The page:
★ ★ ★
In his debut feature Monsters (2010), director Gareth Edwards focused on an unlikely romance in a world overrun by strange behemoths. A technical triumph of low-budget filmmaking, the movie won fans by focusing more on intimate human drama than the spectacle of urban destruction. Much like Bong Joon-ho’s The Host just a few years prior, it was a breath of fresh air in a genre typically shackled by repetition and formula. But that formula represents sustenance to the legions of loyal G-fans who still remember that Godzilla’s first romp through Tokyo was more catastrophic than campy, and by making the big lizard a peripheral player in his eagerly anticipated update (this Godzilla would have been better titled Soldier), Edwards ultimately fails to do justice to the monster’s legacy.
As the story opens in Japan, we find dedicated nuclear-power-plant manager Joe Brody (Bryan Cranston) so caught up in his work that he forgets it’s his birthday. Sending his young son Ford off to school before reporting to the plant with his wife Sandra (Juliette Binoche), who works in the reactor, Joe begins to suspect that suspicious seismic activity may be something more sinister than shifting tectonic plates. He’s right, too: When the plant goes into meltdown mode and Sandra gets caught on the wrong side of the containment door, a massive cover-up ensues.
Fifteen years later, Ford (Aaron Taylor-Johnson) has become a bomb-disposal expert in the U.S. military. He’s just returned home to his wife Elle (Elizabeth Olsen) and their son Sam (Carson Bolde) when he gets word that Joe has been arrested. Long estranged from his father, whom he wrote off as a conspiracy nut for his failed efforts to prove that the Japanese government is hiding something related to the disaster, Ford nevertheless ventures to Japan to get him out of jail and agrees to join him on a trip to their old home in the quarantined zone. Subsequently taken into custody, the pair end up in the very plant where Joe used to work, and where scientists Dr. Ichiro Serizawa (Ken Watanabe) and Vivienne Graham (Sally Hawkins) are studying a massive cocoon-like structure that appears to feed on radiation. The situation turns critical when the events of the present begin to mirror the past, and a terrifying winged creature dubbed a “MUTO” is unleashed. Meanwhile, as the military attempt to devise a plan to destroy the beast, evidence suggests that it had been calling out to something before it broke free. It turns out that the MUTO has awoken a towering, godlike leviathan that has lain dormant for centuries, and the latter creature may be mankind’s only hope for restoring the balance of nature.
With Cranston in the lead early on, Edwards’ Godzilla starts out promisingly enough; though the characters are vaguely drawn, a foreboding sense of tension dominates the proceedings, and the Breaking Bad veteran makes a reluctant sacrifice that’s believably wrenching. Sadly, the action then jumps forward in time as the character of Ford steps into the lead, and Taylor-Johnson just doesn’t have the chops to make the drama resonate.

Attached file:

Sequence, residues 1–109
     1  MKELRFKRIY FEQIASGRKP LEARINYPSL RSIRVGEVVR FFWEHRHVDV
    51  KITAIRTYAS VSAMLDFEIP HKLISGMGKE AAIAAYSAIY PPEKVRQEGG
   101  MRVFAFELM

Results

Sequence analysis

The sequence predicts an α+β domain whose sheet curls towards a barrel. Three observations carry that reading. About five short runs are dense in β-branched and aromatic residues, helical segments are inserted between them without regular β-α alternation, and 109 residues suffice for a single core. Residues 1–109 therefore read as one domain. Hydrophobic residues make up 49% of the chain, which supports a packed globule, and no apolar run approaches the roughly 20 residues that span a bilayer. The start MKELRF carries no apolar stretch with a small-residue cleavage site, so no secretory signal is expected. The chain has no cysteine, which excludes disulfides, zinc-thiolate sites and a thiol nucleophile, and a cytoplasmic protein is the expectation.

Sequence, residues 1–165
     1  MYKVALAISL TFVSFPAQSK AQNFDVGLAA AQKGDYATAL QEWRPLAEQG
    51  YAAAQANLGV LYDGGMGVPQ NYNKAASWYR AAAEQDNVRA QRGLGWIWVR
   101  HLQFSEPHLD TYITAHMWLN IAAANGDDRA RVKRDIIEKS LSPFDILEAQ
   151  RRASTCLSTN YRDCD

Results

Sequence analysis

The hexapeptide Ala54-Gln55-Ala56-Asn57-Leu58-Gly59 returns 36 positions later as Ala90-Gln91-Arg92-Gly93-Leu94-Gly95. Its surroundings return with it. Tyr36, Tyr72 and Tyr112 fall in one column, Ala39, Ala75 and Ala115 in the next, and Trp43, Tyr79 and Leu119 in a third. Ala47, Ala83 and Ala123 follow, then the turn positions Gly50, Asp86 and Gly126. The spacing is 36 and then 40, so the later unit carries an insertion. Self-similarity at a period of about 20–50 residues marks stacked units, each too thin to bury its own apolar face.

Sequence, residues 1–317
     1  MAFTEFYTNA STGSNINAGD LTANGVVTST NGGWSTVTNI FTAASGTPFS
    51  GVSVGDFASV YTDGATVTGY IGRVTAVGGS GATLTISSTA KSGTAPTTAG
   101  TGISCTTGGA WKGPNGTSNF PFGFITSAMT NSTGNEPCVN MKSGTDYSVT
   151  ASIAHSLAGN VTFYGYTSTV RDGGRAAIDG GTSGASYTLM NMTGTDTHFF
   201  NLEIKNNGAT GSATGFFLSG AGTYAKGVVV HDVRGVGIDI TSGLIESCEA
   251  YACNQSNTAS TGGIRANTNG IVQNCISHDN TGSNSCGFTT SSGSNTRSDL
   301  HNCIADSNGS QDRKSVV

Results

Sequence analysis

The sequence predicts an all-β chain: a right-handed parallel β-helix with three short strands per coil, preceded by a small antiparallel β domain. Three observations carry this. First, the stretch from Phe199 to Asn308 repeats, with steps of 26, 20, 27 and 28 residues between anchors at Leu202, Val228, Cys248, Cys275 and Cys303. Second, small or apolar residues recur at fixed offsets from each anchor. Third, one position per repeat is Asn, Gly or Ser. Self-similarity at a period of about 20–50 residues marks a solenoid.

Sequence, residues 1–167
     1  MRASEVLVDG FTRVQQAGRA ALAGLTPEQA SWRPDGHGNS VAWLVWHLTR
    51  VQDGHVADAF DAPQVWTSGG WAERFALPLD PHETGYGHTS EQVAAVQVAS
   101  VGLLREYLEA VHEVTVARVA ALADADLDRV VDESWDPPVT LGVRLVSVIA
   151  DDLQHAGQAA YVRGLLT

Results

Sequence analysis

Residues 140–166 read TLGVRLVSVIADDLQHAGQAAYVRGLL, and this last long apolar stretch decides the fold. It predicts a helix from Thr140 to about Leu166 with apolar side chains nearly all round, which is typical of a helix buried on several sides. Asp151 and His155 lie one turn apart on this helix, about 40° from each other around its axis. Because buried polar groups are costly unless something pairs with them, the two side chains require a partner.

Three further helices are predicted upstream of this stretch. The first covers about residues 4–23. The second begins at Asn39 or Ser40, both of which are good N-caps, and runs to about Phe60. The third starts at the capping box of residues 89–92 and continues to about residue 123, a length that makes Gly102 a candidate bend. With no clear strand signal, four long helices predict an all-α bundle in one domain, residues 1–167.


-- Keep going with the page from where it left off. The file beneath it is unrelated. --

Likewise, novice screenwriter Max Borenstein shows precious little inspiration when it comes to character and story development, lazily defining everyone in the film by their occupation (monsters included) and falling back on the creature-feature cliché of separating a family amidst the chaos. Perhaps if the characters actually said or did anything interesting here (a disappearing act worthy of David Copperfield in the case of Dr. Serizawa and Graham doesn’t count) Borenstein could be forgiven for the story’s shortcomings, but when the action cuts away from the monster mayhem the very first time Godzilla clashes with a MUTO, it’s apparent that neither the writer nor the director have much regard for the fans or the legacy of this series.
In fact, from his place behind the camera, Edwards seems to take sadistic pleasure in obscuring his creatures for much of the film’s running time. While high-brow viewers will no doubt commend him for this uniquely restrained approach, the sad truth is that it just doesn’t make for a particularly exciting night at the cinema, especially given the flat characters and performances that dominate the movie’s deadly middle section (much of which, including a bit with a lost kid, could easily have been excised). Even the cautionary commentary about the dangers of nuclear weapons is bungled by Borenstein, who predictably uses the military’s controversial plan to nuke the creatures as an excuse to create a race-against-the-clock scenario precisely when the film needs it least.
Once the earth starts to shake in the final battle, Edwards does offer some perspectives that are downright thrilling—particularly in the case of the much publicized skydiving sequence—but it’s too little too late, and an abrupt ending unintentionally reveals his desire to wrap things up as soon as the human drama has been resolved. Odds are that you’ll want to clock out long before then, and unfortunately if you do, you’ll miss the shots of Godzilla in action that you paid good money to see.